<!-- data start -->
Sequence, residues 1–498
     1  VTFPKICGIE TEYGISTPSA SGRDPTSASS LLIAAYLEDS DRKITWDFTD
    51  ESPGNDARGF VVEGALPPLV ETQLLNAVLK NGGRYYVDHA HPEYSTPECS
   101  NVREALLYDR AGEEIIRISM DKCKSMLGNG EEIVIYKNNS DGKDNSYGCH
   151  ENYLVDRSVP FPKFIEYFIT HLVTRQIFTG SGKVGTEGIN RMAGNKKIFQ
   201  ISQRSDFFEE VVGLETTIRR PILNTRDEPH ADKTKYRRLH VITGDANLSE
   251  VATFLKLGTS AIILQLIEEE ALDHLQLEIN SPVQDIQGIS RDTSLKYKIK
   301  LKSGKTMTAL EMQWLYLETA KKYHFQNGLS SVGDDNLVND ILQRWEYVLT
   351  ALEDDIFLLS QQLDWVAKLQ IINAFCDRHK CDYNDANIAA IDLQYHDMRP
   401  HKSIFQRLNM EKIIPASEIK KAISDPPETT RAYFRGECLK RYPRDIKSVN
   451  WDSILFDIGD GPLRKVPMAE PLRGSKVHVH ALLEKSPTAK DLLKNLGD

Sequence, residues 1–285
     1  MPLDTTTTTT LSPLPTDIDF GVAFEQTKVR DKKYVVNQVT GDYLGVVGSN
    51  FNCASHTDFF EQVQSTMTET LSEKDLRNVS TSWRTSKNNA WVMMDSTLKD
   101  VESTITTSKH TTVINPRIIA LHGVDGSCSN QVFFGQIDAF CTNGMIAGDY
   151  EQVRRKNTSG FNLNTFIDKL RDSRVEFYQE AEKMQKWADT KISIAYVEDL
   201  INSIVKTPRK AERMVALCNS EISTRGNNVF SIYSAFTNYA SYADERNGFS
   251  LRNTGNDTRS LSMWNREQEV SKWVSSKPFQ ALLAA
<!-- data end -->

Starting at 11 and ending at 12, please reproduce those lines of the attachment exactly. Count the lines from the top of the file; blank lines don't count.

   451  WDSILFDIGD GPLRKVPMAE PLRGSKVHVH ALLEKSPTAK DLLKNLGD

Sequence, residues 1–285